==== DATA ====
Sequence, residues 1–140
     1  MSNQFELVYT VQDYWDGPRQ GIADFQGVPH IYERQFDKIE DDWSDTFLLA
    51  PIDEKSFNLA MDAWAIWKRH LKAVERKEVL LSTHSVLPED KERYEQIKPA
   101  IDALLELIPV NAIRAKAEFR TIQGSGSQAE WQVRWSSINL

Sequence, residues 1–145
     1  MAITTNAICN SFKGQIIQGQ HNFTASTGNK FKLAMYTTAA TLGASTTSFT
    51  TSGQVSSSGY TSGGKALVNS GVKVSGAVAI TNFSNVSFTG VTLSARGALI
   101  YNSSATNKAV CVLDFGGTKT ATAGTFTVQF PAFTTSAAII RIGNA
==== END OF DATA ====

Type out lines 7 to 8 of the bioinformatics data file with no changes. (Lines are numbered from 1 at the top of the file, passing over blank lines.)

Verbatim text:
    51  TSGQVSSSGY TSGGKALVNS GVKVSGAVAI TNFSNVSFTG VTLSARGALI
   101  YNSSATNKAV CVLDFGGTKT ATAGTFTVQF PAFTTSAAII RIGNA